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As you know, we are always on the hunt for inspirational ideas and techniques. This week, our focus is on paint - you might not always have big budgets to splurge on wallpapers and feature walls, but with some simple (and some not so simple) paint colour combinations, we'll show you how to easily inject style and individuality into your rooms. We turned to our favourite paint companies, Farrow & Ball, Paint & Paper Library and Little Greene for inspiration...and we weren't disappointed.
Feature your woodwork
In this modern rustic interior by Farrow & Ball, the combinations (Farrow & Ball Shaded White and Pigeon) are more subtle than some examples we'll show in the rest of this post, but we love how soothing this room is. By using a slightly darker shade of the wall colour on all the woodwork, they have created a 'framed' feel which draws attention to the panelling, the beautiful original sash windows and the beams, but in a really fresh and modern way. And with such a neutral backdrop, they are free to accessorise the room in any way...here they have chosen a collection of eclectic items which still complement each other perfectly.
Highlight a nook
Another stunning image from Farrow & Ball and here they show us how to make the most of a very individual feature in your space. This amazing window and nook reminds us of a converted church building and their use of colour is certainly heavenly. Instead of being conservative and painting just in the recess, they have chosen a bold teal colour (Farrow & Ball Vardo) in a dramatic horizontal stripe which draws the eye straight to the feature. And the contrast between the teal and the white also highlights the sweet period window with interesting frame.
Modernise period features
This image epitomises subtle drama. Also by Farrow & Ball, we love how they have thrown out the rule book and shunned a typical white ceiling in favour of painting the whole room in the same colour (Farrow & Ball Green Blue). What this does is neutralise and modernise all the features (the panelling on the walls and the moulded ceiling) - you would expect that this would make the room featureless but it actually makes you concentrate even more on all the wonderful period textures.
Embrace your eclectic side
We love eclectic interiors and this room by Paint & Paper Library is certainly that. Using a bold combination of mid-grey (Paint & Paper Library Tallanstown Grey) and sunny yellow (Paint & Paper Library Morning Room), they have created a room where anything goes. This whimsical room reminds us of the writings of Roald Dahl or the imaginative visuals of Alice in Wonderland. It is a space that would make you smile every day and would certainly attract lots of compliments from visitors.
Here's another inventive paint style from Paint & Paper Library in this bathroom. Bathrooms like this (especially when there is gorgeous panelling to be retained) can be painted and don’t have to be tiled. Here they have combined two blue-greys (Paint & Paper Library Steel II and Steel V) to great effect. This works best in cloakrooms and rooms with baths (rather than shower rooms) as they will be subject to less condensation. And rather than just painting the panelLing in one colour, we love the two-tone bold painted stripe.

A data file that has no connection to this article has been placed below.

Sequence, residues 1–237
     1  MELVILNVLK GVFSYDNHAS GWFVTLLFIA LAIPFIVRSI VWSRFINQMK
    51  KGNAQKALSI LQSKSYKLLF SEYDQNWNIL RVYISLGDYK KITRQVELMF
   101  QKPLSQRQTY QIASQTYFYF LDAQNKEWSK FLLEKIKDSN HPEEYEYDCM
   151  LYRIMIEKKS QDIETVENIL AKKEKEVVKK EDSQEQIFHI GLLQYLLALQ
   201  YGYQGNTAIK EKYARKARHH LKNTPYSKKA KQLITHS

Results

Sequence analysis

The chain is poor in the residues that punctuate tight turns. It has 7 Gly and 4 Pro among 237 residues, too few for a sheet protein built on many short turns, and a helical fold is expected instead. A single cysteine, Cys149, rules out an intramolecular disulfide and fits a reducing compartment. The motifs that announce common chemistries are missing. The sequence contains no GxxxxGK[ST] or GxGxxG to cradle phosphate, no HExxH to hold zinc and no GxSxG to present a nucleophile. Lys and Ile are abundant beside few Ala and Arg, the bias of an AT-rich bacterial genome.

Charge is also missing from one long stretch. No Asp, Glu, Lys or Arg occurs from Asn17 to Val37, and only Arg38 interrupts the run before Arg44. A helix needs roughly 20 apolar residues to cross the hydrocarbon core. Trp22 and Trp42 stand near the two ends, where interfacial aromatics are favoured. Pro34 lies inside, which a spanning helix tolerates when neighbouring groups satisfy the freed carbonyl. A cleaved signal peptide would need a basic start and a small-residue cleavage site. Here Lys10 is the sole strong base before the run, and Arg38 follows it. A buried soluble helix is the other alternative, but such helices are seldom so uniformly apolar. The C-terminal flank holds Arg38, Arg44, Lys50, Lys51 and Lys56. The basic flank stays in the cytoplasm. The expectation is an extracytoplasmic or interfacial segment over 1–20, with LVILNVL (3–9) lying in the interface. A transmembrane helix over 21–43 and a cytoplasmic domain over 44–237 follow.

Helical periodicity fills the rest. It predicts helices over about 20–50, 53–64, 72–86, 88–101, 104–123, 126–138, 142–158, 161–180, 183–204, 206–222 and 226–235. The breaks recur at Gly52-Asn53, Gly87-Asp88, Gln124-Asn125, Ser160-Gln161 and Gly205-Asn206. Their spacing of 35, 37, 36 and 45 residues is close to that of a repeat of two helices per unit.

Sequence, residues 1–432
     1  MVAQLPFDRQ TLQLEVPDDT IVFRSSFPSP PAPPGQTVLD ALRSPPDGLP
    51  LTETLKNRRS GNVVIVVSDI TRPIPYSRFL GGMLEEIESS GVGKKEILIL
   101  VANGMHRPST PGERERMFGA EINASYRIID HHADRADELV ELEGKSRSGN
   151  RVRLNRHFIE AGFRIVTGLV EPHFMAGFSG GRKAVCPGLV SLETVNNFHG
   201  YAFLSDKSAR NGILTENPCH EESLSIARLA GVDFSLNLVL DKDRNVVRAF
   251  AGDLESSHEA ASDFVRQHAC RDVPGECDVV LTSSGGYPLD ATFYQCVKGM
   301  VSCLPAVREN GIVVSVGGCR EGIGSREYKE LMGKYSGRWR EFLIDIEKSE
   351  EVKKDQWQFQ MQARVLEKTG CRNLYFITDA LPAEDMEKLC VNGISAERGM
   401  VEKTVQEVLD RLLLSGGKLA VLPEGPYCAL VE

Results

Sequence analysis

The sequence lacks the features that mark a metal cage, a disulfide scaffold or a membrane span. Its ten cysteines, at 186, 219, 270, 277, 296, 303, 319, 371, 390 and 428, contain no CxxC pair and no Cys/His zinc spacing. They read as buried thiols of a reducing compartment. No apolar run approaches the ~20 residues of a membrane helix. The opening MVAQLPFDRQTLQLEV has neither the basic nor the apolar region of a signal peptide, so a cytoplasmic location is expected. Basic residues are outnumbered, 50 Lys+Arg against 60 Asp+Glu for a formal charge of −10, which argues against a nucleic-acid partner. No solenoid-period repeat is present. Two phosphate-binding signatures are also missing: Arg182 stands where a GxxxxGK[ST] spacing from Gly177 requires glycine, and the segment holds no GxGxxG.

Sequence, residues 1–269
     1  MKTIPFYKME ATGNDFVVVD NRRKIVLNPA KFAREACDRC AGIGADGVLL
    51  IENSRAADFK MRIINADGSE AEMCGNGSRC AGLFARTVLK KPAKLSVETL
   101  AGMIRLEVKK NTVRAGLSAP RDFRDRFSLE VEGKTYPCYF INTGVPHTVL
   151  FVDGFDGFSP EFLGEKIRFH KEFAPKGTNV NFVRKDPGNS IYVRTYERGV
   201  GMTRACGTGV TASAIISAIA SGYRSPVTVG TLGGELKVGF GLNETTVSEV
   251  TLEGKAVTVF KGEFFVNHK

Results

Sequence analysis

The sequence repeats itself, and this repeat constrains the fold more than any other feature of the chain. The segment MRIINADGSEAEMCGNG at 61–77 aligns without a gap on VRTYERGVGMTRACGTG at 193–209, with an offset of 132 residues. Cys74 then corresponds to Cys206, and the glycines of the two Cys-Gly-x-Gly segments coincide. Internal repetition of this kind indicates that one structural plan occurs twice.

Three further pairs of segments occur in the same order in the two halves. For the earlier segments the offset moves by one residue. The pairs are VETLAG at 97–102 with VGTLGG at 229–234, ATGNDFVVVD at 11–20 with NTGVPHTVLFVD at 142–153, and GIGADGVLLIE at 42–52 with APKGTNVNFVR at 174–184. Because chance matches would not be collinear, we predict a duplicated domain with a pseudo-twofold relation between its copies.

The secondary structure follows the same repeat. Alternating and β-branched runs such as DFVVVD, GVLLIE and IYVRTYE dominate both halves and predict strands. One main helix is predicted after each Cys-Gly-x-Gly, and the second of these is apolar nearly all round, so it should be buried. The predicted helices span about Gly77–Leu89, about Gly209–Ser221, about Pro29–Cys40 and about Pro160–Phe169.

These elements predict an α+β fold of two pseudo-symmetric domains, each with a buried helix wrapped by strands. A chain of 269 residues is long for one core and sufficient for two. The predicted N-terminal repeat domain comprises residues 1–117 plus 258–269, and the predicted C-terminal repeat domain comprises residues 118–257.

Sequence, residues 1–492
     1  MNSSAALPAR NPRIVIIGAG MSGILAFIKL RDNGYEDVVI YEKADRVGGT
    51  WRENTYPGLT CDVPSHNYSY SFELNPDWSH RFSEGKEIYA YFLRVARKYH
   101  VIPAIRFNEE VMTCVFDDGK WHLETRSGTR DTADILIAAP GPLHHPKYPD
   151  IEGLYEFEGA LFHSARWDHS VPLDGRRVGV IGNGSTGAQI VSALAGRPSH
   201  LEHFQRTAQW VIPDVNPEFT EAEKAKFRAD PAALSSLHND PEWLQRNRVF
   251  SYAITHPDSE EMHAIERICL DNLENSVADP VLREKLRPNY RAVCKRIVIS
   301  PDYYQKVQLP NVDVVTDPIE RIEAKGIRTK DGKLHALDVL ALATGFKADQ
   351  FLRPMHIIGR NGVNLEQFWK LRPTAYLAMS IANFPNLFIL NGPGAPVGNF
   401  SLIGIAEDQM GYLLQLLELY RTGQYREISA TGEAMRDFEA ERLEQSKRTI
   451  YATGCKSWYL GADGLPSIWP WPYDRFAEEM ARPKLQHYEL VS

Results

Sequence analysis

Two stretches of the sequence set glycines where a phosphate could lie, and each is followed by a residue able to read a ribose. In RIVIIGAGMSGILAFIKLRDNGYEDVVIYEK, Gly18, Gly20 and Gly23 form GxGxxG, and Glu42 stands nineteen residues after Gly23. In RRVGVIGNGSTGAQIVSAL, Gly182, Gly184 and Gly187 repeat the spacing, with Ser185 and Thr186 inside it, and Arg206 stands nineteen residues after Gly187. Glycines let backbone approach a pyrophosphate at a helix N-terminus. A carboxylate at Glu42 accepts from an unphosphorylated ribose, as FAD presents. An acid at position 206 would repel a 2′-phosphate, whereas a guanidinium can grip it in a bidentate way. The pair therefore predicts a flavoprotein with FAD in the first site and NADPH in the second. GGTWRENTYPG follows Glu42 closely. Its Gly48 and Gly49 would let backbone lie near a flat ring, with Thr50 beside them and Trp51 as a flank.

Design a graphic
One more example from Paint & Paper Library and who could say no to this graphic interpretation of the dado rail? A dado rail is expected in Victorian properties and while many people do paint above and below the rail in different colours, what is unusual here is the strongly contrasting colour combinations (top wall is Paint & Paper Library Temple and bottom wall is Paint & Paper Library Monument) and the addition of the bold stripe (Paint & Paper Library New Black). Which turns an expected traditional wall into a graphic, modern feature.
Say hello to your softer side
The dusky pink of the previous image leads us beautifully into the pinks of this Little Greene room. Much like the very first image of this post, they have used a darker shade of the wall colour (Little Greene China Clay) on the woodwork (Little Greene China Clay Mid) to create the same ‘framed’ effect. However, these two images perfectly demonstrate how important colours are, as they give a completely different effect. The technique for both though results in soft and soothing rooms where the original features are beautifully highlighted.
Bold is the new subtle
We do love a bold colour combination and this hallway by Little Greene is a masterclass in colour combos. A sunny yellow (Little Greene Light Gold) which contrasts, but doesn’t clash with, a pale grey radiator (Little Greene Urbane Grey). The result is an experimental feel, perfect for someone who loves embracing colour. And they haven’t stopped at the walls – the little orange chair and teal and white patterned rug all add to the fun and quirky feel. And it all serves to remain us that even in a period property with heavy original wood finishes, you can still inject colour and life.
Just go wild
How about this image by Little Greene for a unusual colour combination that just works? The green (Little Greene Green Verditer) is supported by all the sweet natural greenery and the purple (Little Greene Pale Lupin) is echoed in the armchair. Proving that even if two colours aren't necessarily meant to complement each other, if you use them with confidence you can make them work.
We hope you are inspired by this selection of paint colour combinations and designs, and are encouraged to be more experimental in your next project.